GFSI is developed by The Economist Intelligence Unit (EIU), together with Corteva Agriscience, and covers 113 countries globally.
This year’s edition saw Kuwait (33rd globally) take second place in the MENA region, a jump from fourth place last year.
Third place in MENA went to Oman (34th), who was in seventh last year.
Qatar (37th) took the fourth place in MENA and Saudi Arabia (38th) maintained its fifth position.
This year’s most food secured country in MENA, Israel, is ranked 8th globally.
The five least food secured MENA countries were Tunisia (59th), Egypt (60th), Jordan (62th), Syria (101th) and Yemen (113th).
The GFSI report analyses four metrics, food affordability, availability, quality and safety, and natural resources and resilience.
The MENA region generally performed well in food quality, safety and affordability, but not so well on natural resources and resilience.
Comparing between regions, North America scored the highest, followed by Europe, MENA, Asia-Pacific, Latin America and lastly Sub-Saharan Africa.
Affordability, availability, quality and safety
Food affordability assesses factors including the ability of consumers to purchase food, their vulnerability to price shocks, and the presence of programmes and policies to support the population when shocks occur such as the COVID-19 emergency.
One factor is the poverty rate, which has significantly improved in the MENA region. Now 7.5% of the population live under the poverty line.
However, the report pointed out that this figure masked huge contrasts within the region. Poverty rates are extremely low in wealthy GCC countries, but half of the population in Yemen lives under the poverty line, while Syria and Egypt also have high poverty rates.
In 2020, food prices also increased across MENA compared to 2019, with strong inflation seen in Qatar, UAE and Egypt.
Food availability assesses factors such as the sufficiency of the national food supply, the risk of supply disruption, the capacity to disseminate food, and research efforts to expand agricultural output.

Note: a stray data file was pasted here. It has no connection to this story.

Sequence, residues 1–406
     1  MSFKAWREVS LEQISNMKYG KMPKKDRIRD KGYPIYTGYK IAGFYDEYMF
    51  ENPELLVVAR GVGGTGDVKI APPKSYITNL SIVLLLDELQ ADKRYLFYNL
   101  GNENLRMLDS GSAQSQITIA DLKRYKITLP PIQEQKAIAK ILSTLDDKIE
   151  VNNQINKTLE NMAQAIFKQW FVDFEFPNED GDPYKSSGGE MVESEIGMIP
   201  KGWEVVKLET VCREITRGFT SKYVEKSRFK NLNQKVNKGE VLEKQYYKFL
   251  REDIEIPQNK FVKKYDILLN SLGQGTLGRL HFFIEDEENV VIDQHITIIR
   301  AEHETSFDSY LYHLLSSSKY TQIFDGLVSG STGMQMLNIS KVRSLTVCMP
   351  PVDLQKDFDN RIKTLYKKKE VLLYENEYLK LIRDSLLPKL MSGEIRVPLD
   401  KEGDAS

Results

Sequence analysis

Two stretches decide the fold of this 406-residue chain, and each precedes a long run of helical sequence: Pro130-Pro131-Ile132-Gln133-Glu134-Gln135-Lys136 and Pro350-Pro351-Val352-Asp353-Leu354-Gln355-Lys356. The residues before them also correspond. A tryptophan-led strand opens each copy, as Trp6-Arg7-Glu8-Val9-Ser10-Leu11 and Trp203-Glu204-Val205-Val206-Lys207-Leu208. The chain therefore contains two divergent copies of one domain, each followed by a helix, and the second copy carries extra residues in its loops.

In MENA, food aid dependency is low, except in unstable Syria and Yemen, as well as Jordan, which hosts a large number of refugees.
Armed conflict and political instability adversely affect food availability through disruptions to supply chains, and threatens its own food security.
The risk is also spreading in other countries in MENA, posing threats to the region’s food security.
The region should prioritise investments in agriculture infrastructure to achieve a higher degree of autonomy in its food supply, the report said.
Only about a third of countries in MENA have a food security strategy or a food security agency.
For the quality and safety metric, nation’s are measured on the variety and nutritional quality of the average diet, as well as food safety mechanisms.
The MENA diet was found to be particularly rich in iron.
Most MENA countries conduct nutritional monitoring of their populations except Algeria, Bahrain, Qatar and Syria.
Nine out of 15 countries including Israel, Oman, Saudi Arabia have a nutrition strategy, and only one-third have dietary guidelines.
The report suggest that other countries can emulate their best practices, such as dietary guidelines, national planning, food labelling, and population monitoring and surveillance.
New metric: Natural resources and resilience
This year’s edition of GFSI incorporates natural resources and resilience for the first time.
This category assesses a country’s exposure to the impacts of a changing climate, its susceptibility to natural resource risks and how the country is adapting to these risks, all of which affect food security.
Some of the wealthier MENA countries such Saudi Arabia, Bahrain, Kuwait and Qatar scored poorly in this metric.
This is because the MENA region typically have arid landscapes that pose natural challenges, water shortage risk, and high exposure to storms and droughts.
Because of this, MENA countries are some of the most heavily dependent on food imports, with about 75% of cereal consumption relying on imports on average.
However, despite facing climatic risks and environmental degradation, political commitment to climate change adaptation is low in MENA countries.
In MENA, more than half of the countries do not have any kind of climate adaptation plan in place. Only four countries have shown limited commitment to developing early warning measures or climate-smart agriculture practices, and commitment to managing exposure is below the global average.
The report suggest that MENA is the weakest region globally in terms of policy commitments to climate change adaptation, and called for countries to seek help from global leaders.